In 2015, U of San Francisco sponsored a symposium, Medicine of Cycling, Bike Fit Conference. Following are interesting précis on our most asked questions re pedaling rate, crank length, and pushing versus pulling pedal technique. Papers presented are on line at http://www.ucsfcme.com/cycling/bikefit/

The University of California, San Francisco Office of Continuing Medical Education educational opportunities for physicians and allied health care professionals to improve their abilities as practitioners by way of a comprehensive selection of CME activities. UCSF offers over 200 activities each year in all medical specialties serving over 35,000 annual course participants.

Myths and Science in Cycling, John McDaniel, PhD, Kent State University, Jim Martin, PhD – U of Utah Steve Elmer, PhD- Michigan Tech

Summary: Pedaling Rate
For non-competitive cyclists ≈70 rpms is the most metabolically efficient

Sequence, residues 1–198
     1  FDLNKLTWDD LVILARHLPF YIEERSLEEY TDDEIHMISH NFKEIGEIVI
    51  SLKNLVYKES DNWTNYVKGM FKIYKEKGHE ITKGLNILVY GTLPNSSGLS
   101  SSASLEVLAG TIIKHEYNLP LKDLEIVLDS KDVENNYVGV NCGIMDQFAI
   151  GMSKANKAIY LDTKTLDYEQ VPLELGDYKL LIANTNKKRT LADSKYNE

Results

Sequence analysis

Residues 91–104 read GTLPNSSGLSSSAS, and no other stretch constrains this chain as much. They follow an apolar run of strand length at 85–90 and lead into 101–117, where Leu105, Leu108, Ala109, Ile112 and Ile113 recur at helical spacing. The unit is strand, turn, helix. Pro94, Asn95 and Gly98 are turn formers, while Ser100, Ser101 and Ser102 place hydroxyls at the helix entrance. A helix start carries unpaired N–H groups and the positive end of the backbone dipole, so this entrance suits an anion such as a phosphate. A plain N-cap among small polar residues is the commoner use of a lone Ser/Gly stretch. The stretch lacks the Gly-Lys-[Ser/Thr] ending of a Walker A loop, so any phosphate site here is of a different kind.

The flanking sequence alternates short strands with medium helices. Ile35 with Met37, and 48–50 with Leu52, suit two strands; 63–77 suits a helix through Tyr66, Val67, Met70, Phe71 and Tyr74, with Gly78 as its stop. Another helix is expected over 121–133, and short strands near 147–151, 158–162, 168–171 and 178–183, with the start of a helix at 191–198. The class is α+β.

Cyclists pedal at higher rates to Minimize recruitment of fast twitch fibers, Reduce muscle fatigue, Improve blood flow in the legs
Physiological adaptations with training allow elite cyclists to pedal at higher rates with less neuromuscular fatigue.

Summary: Crank Length and Maximum Power
Small effect
Significant only at extreme lengths
170mm cranks compromise power of the tallest and shortest riders by no more 0.5%
No change in joint power contributions

Summary: Pedaling Technique
Elite cyclists DO NOT pull up more than regional level cyclists
Pulling up is significantly LESS efficient! 7.4% LESS power for same VO2 than preferred pedaling technique
Pedaling is a basic leg extension / leg flexion action likely hard wired in the spinal cord

Oregon
https://www.youtube.com/watch?v=Ry9g0iwIsdA

https://www.youtube.com/watch?v=qwdV7XQekB4&ebc=ANyPxKoXxBbCVC8qTJ9tCL_RGMwbtYwg2O7w9XDXWaDPv1p7YhgDLNFkbtDwV4-mI0nLLoKZ1BF2QhqD86WYGoCo-ua2g0RcPQ

 

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